Yet another dawn called forth by the Poorwills, after an evening before also filled with their cheering whistle. The rains drizzle off and then end for now, I guess “for good”.
Kingfisher at The Stockpond, and still vireos, and a Great Blue heron comes gliding in like the Flying Monkeys. Brown-headed Cowbirds are out beyond on the pastures, where suddenly, too, there are lots of Vesper Sparrows where none had been yesterday and even though the days are getting hotter and hotter, and stay just shy of 100 degrees. No nighthawks in the early evening sky overhead, but one does appear at The Stockpond, eminently lonely, reminding me how often one who is leading my kind of life can be, too. There is no opportunity to be maudlin, I am driven from the water’s edge by the sickening drone of mosquitoes thirsting for blood.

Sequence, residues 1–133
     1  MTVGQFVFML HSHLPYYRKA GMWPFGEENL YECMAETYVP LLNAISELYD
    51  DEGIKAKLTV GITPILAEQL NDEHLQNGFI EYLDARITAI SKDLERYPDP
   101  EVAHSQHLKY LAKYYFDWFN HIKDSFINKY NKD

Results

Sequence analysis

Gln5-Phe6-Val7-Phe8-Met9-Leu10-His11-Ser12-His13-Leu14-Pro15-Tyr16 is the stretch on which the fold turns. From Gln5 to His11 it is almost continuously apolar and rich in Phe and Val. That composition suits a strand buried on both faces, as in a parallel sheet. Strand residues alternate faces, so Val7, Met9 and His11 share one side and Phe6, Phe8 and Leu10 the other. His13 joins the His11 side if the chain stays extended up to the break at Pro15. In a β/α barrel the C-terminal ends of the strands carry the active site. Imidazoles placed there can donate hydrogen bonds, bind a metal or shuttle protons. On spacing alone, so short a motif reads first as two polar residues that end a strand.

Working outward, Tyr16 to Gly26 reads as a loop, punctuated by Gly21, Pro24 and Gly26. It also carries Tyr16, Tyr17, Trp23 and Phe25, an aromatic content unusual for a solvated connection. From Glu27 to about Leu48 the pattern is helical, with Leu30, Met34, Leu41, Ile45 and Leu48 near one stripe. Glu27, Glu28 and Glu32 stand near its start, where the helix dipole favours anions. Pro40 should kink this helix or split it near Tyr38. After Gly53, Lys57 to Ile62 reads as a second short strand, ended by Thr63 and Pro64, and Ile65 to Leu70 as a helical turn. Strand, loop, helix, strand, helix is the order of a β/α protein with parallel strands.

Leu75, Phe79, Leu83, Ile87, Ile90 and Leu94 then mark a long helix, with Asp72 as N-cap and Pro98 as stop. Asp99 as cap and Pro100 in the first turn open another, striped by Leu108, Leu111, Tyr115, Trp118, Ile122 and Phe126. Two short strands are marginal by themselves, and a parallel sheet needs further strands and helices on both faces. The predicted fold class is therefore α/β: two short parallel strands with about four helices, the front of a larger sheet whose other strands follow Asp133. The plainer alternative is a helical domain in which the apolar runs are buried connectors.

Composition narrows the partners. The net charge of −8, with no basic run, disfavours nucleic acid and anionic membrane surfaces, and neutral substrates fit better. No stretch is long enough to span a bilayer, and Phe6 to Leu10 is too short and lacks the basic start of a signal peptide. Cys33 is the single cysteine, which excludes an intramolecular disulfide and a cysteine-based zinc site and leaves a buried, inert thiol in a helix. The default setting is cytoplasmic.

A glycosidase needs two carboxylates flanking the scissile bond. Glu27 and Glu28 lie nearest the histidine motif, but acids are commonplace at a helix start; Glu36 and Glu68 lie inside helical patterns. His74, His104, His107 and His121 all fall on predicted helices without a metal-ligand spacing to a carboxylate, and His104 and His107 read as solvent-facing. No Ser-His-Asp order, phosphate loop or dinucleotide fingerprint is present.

If nighthawk numbers are decreasing, the calling of Poorwills is obviously increasing on the evening air up on the mesas around Ridge House. Must be that our resident Poorwill are being joined by others coming south, or being replaced by them–maybe ours have themselves already flown over The Line into Old Mexico.